In a request for questions that I made on an episode of Remarkable TV, Frank asked me, “What are the best ways for middle managers and human resources to convince upper managers/ owners (if a smaller business) of needed change?”
It is a great question, but more than I wanted to tackle in a short video; so, I’m addressing it here. I’m taking a slightly broader approach – the advice that follows isn’t just for middle managers or HR, but for anyone wanting to influence senior manager’s views on a change.
(If you read the last sentence again and notice how I have already re-framed the question, you will see valuable insights before I even start.) Here are five steps, that when taken, improve your chances of influencing the view and decisions of senior managers about any change.
Recognize they are people too. Don’t let the title “senior management” freak you out. I realize that the further you are from them organizationally, the bigger deal their position will seem, but the fact is, they are people, just like you. They have concerns, worries, perspectives and beliefs, and all of them factor into the decisions they make. Having a healthy respect for them is recommended, but respect isn’t fear. Don’t be afraid to approach them with your concerns and ideas, especially if you use the ideas here.
Realize they may really want to know. I call this the “Undercover Boss Phenomenon.” CEOs go on the television show Undercover Boss – they take a week of their lives, spend hours in makeup, perhaps donning wigs and other disguises, to do jobs in their organizations that they have never done working with people they would never meet otherwise. Why do they do this? Some might say for the publicity for their business (and while that is true, often what is shown about the company isn’t very wonderful). The underlying reason for taking this step and doing the show, is so the CEO can better understand the business and what is really happening in it. Most of the time, the Senior management will want to know your opinion on the change; because too often they don’t have that perspective and information. What seems obvious to you, may be completely unknown to them.
Understand their perspective first. If you want to influence them, you must understand their perspective, their needs, and their priorities first. Just like you have a perspective they may not have, recognize, they likely have information and a perspective you don’t have either. Through research, inquiry and conversation, seek first to understand where they are on the change, and what their priorities are first. Unless you do this, your odds for success are very slim.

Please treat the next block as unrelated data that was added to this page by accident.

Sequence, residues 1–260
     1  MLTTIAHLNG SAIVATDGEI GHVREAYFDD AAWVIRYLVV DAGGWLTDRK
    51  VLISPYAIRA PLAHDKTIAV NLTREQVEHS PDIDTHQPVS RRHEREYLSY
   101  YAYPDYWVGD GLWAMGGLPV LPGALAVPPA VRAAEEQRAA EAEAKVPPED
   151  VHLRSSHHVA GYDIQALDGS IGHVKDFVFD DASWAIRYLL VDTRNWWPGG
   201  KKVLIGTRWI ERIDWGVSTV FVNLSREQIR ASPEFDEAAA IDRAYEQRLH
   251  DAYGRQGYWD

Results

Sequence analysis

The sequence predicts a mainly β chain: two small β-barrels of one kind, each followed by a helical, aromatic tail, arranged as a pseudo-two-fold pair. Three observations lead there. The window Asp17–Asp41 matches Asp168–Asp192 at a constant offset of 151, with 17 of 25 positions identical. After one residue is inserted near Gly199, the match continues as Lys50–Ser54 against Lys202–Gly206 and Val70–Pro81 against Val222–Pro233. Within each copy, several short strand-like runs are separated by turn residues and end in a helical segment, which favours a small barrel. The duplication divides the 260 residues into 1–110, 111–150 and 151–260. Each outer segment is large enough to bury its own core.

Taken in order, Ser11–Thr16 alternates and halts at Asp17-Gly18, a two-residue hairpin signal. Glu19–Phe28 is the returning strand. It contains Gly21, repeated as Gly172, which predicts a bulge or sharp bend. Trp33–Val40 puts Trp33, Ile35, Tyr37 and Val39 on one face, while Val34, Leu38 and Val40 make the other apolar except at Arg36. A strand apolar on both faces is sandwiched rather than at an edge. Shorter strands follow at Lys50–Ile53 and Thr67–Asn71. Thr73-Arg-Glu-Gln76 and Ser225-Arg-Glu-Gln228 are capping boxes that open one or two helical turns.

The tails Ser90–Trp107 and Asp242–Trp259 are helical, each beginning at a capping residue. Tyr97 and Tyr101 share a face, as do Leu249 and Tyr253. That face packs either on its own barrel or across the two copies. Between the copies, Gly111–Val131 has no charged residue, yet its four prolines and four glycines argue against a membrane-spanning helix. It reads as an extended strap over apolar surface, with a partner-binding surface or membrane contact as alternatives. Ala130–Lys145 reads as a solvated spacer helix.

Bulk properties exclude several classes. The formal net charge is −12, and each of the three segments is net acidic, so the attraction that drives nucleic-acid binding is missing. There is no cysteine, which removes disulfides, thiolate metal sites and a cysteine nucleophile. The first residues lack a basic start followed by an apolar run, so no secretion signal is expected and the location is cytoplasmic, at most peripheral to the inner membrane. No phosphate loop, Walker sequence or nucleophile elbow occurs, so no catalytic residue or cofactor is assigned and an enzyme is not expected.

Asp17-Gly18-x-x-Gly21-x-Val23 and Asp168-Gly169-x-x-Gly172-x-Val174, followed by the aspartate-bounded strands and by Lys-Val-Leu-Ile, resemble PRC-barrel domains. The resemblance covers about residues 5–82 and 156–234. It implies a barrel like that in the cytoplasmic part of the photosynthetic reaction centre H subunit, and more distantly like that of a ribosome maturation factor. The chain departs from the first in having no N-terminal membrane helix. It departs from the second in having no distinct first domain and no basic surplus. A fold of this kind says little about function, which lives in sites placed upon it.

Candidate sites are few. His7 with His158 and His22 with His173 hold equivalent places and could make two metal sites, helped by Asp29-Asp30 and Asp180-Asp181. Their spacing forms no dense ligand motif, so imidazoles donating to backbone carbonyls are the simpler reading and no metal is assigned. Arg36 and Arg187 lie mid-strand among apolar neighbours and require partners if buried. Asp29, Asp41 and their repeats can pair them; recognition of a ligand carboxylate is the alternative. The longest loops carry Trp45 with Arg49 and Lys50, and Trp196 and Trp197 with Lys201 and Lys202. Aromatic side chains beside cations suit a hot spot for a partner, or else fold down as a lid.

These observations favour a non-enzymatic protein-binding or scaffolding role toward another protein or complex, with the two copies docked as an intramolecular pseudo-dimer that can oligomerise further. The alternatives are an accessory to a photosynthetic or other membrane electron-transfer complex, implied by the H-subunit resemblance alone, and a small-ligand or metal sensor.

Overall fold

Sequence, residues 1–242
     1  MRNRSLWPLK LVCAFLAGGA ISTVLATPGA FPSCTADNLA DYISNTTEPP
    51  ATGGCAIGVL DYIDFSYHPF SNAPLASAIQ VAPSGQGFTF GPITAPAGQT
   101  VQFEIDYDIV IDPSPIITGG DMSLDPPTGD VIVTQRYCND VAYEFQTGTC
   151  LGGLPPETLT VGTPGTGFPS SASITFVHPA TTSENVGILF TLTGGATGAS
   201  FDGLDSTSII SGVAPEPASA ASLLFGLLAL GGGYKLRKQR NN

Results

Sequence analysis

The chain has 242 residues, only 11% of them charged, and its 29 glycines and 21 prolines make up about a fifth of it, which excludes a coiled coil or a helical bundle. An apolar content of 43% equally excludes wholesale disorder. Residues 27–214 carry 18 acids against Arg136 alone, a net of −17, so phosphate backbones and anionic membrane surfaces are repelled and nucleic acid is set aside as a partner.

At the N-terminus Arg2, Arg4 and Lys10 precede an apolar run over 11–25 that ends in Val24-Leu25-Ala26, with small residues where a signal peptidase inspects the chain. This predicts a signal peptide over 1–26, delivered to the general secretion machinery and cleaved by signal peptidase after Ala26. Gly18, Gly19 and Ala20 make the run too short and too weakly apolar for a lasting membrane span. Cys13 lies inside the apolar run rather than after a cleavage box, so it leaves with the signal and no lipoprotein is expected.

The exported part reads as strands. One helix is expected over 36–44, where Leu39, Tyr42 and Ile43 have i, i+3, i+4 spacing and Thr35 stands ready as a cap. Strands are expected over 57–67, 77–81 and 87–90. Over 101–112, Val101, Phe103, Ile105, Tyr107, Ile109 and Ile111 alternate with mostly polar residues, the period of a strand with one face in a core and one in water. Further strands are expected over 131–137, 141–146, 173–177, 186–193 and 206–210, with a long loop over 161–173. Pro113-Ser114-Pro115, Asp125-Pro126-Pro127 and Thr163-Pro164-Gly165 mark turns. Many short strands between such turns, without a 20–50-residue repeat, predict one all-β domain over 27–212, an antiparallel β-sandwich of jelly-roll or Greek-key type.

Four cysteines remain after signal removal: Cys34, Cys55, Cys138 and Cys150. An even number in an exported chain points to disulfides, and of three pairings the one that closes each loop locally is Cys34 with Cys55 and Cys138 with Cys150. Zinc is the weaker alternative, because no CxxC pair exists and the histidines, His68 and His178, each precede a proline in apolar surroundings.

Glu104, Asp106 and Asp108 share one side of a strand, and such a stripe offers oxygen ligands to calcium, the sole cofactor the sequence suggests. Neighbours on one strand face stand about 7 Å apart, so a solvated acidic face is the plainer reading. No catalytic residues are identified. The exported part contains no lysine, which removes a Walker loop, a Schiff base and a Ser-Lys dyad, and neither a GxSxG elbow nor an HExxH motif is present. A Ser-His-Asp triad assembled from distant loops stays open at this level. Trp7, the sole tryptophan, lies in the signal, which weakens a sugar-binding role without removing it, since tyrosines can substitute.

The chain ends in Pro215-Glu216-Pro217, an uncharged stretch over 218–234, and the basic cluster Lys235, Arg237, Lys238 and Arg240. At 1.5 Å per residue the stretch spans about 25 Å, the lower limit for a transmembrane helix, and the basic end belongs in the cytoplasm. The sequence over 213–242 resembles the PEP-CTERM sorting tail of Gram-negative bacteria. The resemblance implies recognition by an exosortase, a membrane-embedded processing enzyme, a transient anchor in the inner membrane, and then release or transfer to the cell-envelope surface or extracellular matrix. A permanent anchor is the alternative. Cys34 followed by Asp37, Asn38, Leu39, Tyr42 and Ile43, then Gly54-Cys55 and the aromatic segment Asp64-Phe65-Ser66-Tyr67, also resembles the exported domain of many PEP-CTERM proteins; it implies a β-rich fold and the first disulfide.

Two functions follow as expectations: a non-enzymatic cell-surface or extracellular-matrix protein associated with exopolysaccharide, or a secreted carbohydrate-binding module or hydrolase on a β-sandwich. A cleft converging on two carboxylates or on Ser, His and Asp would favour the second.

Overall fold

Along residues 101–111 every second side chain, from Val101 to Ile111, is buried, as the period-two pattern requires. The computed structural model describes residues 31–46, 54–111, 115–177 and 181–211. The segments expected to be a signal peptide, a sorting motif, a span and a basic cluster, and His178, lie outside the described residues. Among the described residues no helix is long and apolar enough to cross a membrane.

Bridge your view to their need. Once you understand their priorities, their view and their perspective, connect your concerns and ideas to their need. Connect the change you see being needed to their priorities and perspective. When you frame your ideas (or concerns, depending on your situation) from their viewpoint, you improve your success rate.
Make it about the why, not your idea. If you think in terms of “convincing” them, you are thinking in terms of winning. If you frame your task as meeting the organizational goals, you set the stage for everyone to win. Don’t make it about your idea, or why “they” are wrong. Suggest change with a clear purpose and help others see why your recommendations will make the organization a better place or create better results. Focus your attention on the “why” of the change, and not on convincing anyone of anything.
What I have shared here is a powerful framework that applies far beyond the question that was asked; yet this framework directly answers the question too. Perhaps the most important part of the question, and the key to making it all work, is the assumption underlying it; that there is something we can do that might change the viewpoint of senior management.
Before anything above will work you must believe that your perspective is valuable and that perhaps you can change the outcome. If you want to influence senior management (or anyone for that matter), you must recognize that you might be able to do so. If you want change to happen, don’t wait, mope, or moan about the current situation; look in the mirror and you will see where the chance for change begins – with you.